sick and safe days and paid family and medical leave.

Sincerely,

1,000 Days
A Better Balance
AFSCME 65
Albuquerque SURJ
All-Options
Alliance for Retired Americans
Allied Progress
Amara Legal Center
American Academy of Pediatrics
American Association of University Women (AAUW)
American Federation of Teachers, AFL-CIO
American Muslim Health Professionals (AMHP)
American Psychiatric Association Women’s Caucus
American Public Health Association
Americans for Democratic Action (ADA)
AnitaB.org
Arizona Center for Economic Progress
Asian Pacific American Labor Alliance, AFL-CIO
Asian Pacific Institute on Gender-Based Violence
Asian Real Estate Association of America (AREAA)
Association of Flight Attendants-CWA
Association of University Centers on Disabilities (AUCD)
Associations of Schools and Programs of Public Health
Autistic Self Advocacy Network
Black and Pink
Black Women’s Roundtable
Breastfeeding Task Force of Greater Los Angeles
California Employment Lawyers Association
Caring Across Generations
Casa de Esperanza: National [email protected] Network for Healthy Families and Communities
Center for American Progress
Center for Economic and Policy Research
Center for Law and Social Policy (CLASP)
Center for LGBTQ Economic Advancement & Research
Center for Popular Democracy
Center for Science in the Public Interest
Child and Family Policy Center
Child Welfare League of America
Children’s Defense Fund
Children’s Defense Fund – New York
Chinese American Planning Council
Coalition of Labor Union Women
Coalition on Human Needs
Collaborative for Health Equity Cook County
Connecticut Voices for Children
Connecticut Women’s Education and Legal Fund (CWEALF)
Demos
Domestic Violence Legal Empowerment and Appeals Project
Economic Opportunity Institute
Economic Policy Institute
Equality California
Equality North Carolina
Every Child Matters
Family Equality
Family Forward Oregon
First Focus Campaign for Children
First Focus on Children
Forward Together Action
Futures Without Violence
Gender Justice
Global Policy Solutions
GLSEN
Greater New York Labor-Religion Coalition
Hawai’i Children’s Action Network
Health & Medicine Policy Research Group
HealthxDesign
Heartland Alliance for Human Needs & Human Rights
Human Impact Partners
In the Public Interest
Indivisible
Iowa Policy Project
ISAIAH – MN
Jewish Women International
Justice for Migrant Women
Justice in Aging
Labor Project for Working Families
Los Angeles LGBT Center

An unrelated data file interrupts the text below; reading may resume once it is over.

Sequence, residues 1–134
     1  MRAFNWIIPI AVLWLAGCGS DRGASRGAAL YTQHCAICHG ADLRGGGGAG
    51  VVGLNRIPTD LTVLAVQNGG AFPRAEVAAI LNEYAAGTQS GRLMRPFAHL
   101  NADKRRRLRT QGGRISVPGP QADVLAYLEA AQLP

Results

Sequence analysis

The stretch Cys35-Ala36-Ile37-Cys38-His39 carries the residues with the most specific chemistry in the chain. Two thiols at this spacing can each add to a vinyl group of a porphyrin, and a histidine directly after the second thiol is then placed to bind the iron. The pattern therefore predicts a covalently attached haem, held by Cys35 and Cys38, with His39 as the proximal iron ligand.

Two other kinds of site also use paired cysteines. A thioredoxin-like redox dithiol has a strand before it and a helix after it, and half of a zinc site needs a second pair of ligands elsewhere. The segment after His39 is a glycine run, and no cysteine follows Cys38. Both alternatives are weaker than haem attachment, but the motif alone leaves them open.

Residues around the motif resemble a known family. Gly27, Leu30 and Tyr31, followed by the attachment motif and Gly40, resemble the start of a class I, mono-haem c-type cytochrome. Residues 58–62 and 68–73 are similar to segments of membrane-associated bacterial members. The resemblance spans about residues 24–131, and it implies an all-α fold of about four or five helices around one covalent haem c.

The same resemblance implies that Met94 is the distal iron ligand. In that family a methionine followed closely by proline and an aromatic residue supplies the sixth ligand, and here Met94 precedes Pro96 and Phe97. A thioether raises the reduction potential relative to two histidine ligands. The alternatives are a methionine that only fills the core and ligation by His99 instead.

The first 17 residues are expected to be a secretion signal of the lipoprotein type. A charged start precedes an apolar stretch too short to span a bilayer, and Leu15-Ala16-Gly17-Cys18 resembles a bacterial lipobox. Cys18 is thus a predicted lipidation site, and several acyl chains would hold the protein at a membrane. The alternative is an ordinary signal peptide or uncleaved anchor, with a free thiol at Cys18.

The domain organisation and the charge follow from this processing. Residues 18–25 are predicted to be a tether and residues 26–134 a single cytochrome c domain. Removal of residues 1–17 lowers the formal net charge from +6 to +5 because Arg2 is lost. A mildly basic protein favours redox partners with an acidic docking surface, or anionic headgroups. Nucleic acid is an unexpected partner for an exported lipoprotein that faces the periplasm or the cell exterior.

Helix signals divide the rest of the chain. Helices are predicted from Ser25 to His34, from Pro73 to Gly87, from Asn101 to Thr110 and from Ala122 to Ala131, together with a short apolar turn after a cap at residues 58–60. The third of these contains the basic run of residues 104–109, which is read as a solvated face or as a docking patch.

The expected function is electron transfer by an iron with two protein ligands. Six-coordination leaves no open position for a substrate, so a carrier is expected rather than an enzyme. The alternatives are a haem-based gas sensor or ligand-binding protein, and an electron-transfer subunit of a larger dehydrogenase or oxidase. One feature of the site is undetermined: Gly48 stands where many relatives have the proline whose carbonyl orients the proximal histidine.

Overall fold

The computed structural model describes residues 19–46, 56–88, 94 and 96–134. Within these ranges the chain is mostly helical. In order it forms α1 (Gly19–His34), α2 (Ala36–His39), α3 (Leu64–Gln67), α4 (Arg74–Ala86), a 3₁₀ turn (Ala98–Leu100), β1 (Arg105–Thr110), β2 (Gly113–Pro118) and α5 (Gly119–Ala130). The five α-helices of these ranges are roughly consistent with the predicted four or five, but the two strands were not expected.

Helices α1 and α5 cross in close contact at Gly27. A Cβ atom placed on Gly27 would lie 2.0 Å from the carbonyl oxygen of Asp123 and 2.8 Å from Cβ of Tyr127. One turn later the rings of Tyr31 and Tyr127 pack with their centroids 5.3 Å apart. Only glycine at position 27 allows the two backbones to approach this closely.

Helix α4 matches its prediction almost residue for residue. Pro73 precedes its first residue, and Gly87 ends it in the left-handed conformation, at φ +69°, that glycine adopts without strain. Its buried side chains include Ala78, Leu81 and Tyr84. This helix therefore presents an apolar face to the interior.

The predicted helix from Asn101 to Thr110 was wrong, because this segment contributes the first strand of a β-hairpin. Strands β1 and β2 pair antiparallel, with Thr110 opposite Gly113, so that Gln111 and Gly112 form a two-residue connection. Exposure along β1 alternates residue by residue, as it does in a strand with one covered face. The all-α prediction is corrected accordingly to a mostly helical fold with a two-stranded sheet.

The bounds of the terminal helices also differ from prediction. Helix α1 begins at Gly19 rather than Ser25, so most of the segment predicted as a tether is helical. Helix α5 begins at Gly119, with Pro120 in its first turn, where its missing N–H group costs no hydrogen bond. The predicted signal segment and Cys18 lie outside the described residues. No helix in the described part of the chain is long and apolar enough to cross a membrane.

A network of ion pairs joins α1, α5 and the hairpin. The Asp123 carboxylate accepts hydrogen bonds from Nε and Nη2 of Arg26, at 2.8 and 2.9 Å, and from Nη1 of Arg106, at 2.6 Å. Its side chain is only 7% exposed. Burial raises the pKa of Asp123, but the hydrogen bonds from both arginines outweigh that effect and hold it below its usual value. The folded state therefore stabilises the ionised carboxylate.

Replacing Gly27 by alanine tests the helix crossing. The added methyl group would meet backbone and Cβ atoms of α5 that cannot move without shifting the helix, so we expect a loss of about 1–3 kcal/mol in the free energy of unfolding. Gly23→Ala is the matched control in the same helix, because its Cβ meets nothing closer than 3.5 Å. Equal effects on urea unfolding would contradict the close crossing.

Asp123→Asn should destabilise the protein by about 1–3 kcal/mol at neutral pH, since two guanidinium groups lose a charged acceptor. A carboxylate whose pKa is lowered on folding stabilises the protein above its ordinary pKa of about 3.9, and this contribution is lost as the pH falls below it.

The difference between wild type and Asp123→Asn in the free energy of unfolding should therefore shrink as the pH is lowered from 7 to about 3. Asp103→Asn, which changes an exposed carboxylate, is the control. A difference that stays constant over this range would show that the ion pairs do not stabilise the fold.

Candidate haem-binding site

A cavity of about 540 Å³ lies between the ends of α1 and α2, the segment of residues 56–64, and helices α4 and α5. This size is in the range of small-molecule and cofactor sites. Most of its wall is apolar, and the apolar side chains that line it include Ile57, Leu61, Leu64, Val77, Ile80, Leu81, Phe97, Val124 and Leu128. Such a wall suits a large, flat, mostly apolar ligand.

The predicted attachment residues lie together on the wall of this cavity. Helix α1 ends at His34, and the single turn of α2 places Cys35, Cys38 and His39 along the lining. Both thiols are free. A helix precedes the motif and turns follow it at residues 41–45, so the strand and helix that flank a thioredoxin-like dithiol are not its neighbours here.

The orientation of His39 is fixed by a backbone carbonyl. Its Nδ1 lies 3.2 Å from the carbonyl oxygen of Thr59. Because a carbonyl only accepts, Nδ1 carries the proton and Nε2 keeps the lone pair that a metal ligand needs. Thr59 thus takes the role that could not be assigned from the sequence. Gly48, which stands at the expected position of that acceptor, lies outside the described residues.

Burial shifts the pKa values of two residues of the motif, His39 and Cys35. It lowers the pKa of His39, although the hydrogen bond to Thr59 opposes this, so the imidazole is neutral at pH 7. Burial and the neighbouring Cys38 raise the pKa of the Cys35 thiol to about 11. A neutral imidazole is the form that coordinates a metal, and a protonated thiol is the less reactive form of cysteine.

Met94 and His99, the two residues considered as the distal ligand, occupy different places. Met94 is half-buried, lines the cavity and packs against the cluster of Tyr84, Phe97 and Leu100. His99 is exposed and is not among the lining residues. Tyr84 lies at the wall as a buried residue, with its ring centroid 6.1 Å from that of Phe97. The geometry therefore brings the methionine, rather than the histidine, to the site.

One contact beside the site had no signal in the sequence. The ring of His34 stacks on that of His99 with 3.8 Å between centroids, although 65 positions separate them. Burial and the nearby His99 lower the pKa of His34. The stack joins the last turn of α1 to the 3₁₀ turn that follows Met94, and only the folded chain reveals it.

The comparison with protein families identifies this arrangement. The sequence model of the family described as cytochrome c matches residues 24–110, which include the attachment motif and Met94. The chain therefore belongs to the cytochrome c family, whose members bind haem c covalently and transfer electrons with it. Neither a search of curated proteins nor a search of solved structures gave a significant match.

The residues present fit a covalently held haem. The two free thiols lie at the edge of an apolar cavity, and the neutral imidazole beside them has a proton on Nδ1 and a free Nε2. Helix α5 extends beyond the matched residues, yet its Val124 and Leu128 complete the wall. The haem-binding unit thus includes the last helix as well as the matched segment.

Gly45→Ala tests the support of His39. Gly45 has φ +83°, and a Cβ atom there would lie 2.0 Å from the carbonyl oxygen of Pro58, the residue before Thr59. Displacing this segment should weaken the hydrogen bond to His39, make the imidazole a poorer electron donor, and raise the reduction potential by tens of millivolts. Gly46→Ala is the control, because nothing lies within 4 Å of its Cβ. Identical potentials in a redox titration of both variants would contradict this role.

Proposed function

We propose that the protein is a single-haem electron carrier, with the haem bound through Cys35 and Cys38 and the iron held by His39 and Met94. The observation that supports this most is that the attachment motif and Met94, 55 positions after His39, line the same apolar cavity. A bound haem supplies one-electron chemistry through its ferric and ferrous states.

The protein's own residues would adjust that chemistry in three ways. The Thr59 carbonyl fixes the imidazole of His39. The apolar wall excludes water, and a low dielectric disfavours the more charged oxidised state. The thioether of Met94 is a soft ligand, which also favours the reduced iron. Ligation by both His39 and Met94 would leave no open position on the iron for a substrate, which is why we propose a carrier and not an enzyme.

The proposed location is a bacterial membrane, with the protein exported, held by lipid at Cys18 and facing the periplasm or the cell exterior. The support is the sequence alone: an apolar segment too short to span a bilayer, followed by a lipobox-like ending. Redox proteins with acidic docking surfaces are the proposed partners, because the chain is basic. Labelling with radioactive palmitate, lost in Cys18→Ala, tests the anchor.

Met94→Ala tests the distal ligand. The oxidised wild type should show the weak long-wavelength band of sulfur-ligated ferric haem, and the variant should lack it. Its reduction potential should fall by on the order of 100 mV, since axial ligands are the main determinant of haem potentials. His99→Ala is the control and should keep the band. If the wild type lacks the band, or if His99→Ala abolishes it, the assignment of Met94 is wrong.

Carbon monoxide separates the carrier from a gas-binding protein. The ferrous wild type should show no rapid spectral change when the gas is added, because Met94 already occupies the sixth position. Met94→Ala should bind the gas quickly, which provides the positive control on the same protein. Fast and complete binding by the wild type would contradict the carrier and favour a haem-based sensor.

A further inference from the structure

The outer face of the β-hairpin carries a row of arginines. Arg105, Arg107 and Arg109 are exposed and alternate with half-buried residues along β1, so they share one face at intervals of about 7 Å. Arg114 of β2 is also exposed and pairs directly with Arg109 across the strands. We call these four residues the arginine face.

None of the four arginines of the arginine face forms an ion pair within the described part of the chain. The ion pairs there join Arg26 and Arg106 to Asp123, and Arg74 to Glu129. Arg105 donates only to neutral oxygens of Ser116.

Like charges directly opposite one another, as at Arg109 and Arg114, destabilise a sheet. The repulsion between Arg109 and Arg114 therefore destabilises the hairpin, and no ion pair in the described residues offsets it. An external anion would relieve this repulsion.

Maine Center for Economic Policy
Maine Coalition to End Domestic Violence
Maine Women’s Lobby Education Fund
March of Dimes
Michigan League for Public Policy
Midwives Association of Washington State
MomsRising
Mothering Justice
Movement Advancement Project
NAACP
NARAL Pro-Choice America
National Asian Pacific American Women’s Forum (NAPAWF)
National Association of Councils on Developmental Disabilities
National Association of Social Workers
National Association of Social Workers Connecticut Chapter
National Center for Law and Economic Justice
National Center for Learning Disabilities
National Center for Lesbian Rights
National Center for Parent Leadership, Advocacy, and Community Empowerment
(National PLACE)
National Center for Transgender Equality
National Coalition for Asian Pacific American Community Development (National
CAPACD)
National Council of Jewish Women
National Domestic Violence Hotline
National Employment Law Project
National Institute for Reproductive Health (NIRH)
National Lawyers Guild Labor and Employment Committee
National Network of Public Health Institutes
National Network to End Domestic Violence
National Organization for Women
National Partnership for Women & Families
National Resource Center on Domestic Violence
National Women’s Law Center
National Workrights Institute
NETWORK Lobby for Catholic Social Justice
NYS Public Employees Federation
Oasis Legal Services
Oxfam America
Paid Leave for All
Paid Leave for the United States (PL+US)
People’s Action
Physicians for Social Responsibiity, San Francisco Bay Area Chapter
Poder Latinx
Positive Women’s Network-USA
Promundo-US
Public Advocacy for Kids (PAK)
Public Citizen
Public Health
ReproJobs
RESULTS
Shriver Center on Poverty Law
Silver State Equality-Nevada
Tash
The Forum for Youth Investment
The Fund for Community Reparations for Autistic People of Color’s Interdependence,
Survival, and Empowerment
The Ohio Women’s Public Policy Network
TIME’S UP Now
Transport Workers Union
Trust for America’s Health
UCLA
UFCW Local 1189
Ujima Inc: The National Center on Violence Against Women in the Black Community
UnidosUS
Union for Reform Judaism
United for Respect
Washington Lawyers’ Committee for Civil Rights and Urban Affairs
We All Rise
We Testify
West Virginia Center on Budget and Policy
William E. Morris Institute for Justice
Women and Girls Foundation of Southwest PA
Women Employed
Women’s Law Project
Women’s Rights and Empowerment Network
Working Partnerships USA